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London Korean Film Festival review

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Director: Ji-Woo Jung

Ji-woo Jung’s Fourth Place is a harsh and compelling, if fairly predictable tale characterised by well-intentioned yet destructive forms of passion. While the film could certainly afford to delve further into its implicit suggestions of a culture that promotes winning at all costs, it is nonetheless a tense, sympathetic and psychologically astute depiction of how the wrong kind of encouragement can prove poisonous to a young and vulnerable mind.

The film opens in attractive monochrome as a promising but immature young athlete risks squandering his time and potential on gambling and drink, though it’s easy to see why swimmer Gwang-su would want to escape into such habits once he’s brutally beaten by his coach for skipping training. Jump to the colourful present and Gwang-su is now himself a pessimistic coach working at the local swimming pool. He is approached by determined mother Jeong-ae, who seems far more emotionally invested in her son Jun-ho’s competitive success than the young boy himself, who claims to swim just for fun. From here, we see how the aspirations and regrets of one generation can prove harmful to the next as Jun-ho suffers the physical abuse of his new coach and the emotional abuse of his obsessive mother while the joy of swimming quickly drains from his spirit.

"Ji-woo Jung's visuals are at their most entrancing whenever he ventures into Jun-ho's private world beneath the pool surface"
“Ji-woo Jung’s visuals are at their most entrancing whenever he ventures into Jun-ho’s private world beneath the pool surface”

Depending on which way you look at it, the greatest flaw of Fourth Place is either the damaging familiarity of its story, or the fact that Ji-woo Jung’s interpretation of this story is generally too literal-minded for the film to fulfil its potential for layered, allegorical meaning in a way that would have helped it to transcend this familiarity. Consequently, while the film is never less than perfectly watchable thanks to its consistently competent execution, its emotional and intellectual impact are both regularly diluted by the feeling that you’ve seen it all before – be it in, say, 1993’s Searching for Bobby Fischer, the more recent critical darling Whiplash or that episode of The Simpsons where Bart plays miniature golf.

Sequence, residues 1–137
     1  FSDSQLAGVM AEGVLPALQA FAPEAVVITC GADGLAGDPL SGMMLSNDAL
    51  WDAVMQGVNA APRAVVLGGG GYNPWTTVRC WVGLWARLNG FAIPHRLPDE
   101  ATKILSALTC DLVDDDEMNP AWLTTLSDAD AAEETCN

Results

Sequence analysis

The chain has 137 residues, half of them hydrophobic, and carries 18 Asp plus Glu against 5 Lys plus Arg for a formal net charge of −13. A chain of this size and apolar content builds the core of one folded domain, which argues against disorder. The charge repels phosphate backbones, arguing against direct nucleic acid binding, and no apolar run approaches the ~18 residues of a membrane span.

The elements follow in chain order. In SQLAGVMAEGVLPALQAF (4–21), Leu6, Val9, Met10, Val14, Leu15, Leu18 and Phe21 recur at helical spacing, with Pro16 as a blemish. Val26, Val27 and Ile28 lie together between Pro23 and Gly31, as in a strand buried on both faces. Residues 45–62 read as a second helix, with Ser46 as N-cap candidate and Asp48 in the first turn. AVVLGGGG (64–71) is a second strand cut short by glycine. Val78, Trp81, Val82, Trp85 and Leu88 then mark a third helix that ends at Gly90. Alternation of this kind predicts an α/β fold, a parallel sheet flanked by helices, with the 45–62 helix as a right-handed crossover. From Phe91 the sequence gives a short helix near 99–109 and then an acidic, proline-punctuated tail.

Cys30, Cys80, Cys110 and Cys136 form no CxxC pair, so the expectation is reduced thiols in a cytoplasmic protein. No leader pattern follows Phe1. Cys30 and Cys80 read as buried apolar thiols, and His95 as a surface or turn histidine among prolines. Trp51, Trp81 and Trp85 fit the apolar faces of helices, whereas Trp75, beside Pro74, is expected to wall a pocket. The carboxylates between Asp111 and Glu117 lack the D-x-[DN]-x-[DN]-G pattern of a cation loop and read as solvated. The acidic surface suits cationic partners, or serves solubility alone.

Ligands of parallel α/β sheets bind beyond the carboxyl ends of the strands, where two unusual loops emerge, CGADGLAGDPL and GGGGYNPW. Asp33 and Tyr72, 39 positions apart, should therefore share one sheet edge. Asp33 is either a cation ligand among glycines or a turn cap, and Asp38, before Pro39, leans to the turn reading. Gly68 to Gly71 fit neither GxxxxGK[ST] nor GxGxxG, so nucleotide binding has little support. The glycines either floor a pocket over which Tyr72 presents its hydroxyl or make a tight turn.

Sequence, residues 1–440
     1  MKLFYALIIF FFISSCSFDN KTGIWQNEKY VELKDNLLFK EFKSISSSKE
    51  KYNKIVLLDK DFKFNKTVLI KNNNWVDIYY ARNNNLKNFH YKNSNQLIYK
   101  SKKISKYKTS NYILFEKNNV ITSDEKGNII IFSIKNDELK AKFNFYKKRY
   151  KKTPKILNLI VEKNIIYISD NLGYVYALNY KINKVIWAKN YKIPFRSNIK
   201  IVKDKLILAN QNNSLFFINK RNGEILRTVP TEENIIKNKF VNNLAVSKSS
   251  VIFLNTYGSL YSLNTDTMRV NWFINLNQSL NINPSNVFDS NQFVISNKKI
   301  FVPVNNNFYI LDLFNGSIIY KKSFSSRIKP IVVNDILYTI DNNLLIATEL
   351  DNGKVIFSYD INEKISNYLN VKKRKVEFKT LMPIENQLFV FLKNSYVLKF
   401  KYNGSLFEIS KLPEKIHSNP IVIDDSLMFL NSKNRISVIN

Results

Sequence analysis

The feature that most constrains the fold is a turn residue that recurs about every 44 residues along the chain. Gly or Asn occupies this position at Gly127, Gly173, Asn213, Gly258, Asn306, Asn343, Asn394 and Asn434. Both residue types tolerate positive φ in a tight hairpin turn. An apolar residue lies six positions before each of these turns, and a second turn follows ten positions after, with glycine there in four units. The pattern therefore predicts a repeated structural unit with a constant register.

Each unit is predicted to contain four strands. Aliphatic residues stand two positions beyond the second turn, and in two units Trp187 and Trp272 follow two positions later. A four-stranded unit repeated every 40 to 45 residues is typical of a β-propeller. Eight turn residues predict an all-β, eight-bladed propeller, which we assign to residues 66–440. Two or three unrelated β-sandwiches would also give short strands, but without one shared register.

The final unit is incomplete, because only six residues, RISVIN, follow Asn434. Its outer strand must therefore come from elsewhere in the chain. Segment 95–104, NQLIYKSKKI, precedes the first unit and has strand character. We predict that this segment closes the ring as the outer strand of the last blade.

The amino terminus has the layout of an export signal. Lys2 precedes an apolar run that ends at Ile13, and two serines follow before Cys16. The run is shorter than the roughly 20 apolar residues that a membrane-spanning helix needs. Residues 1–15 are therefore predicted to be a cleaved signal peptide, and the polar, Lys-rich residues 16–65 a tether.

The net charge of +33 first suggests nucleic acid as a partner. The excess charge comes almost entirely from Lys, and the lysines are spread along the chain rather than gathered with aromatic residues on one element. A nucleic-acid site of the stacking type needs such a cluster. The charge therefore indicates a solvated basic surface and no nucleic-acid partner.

Fortunately, Fourth Place’s dramatically staler moments are redeemed in part by its ongoing, deadpan sense of humour, which endearingly balances out the film’s more uncomfortable scenes. The rest of the film’s redemption comes in its touching and bittersweet closing minutes, which resolve Gwang-su’s arc on a poignantly ambiguous note before sending Jun-ho off in a dazzling and haunting yet optimistic final scene. Ji-woo Jung’s visuals are at their most entrancing whenever he ventures into Jun-ho’s private world beneath the pool surface and he saves his most beautiful aquatic imagery for the moment that his protagonist frees himself from outside pressures to become master of his own domain, concluding this uneven but worthwhile feature on a triumphant note – albeit one that possibly hints at new, internal struggles to come.

The 2016 London Korean Film Festival runs 3-27 November. Find the full programme here.

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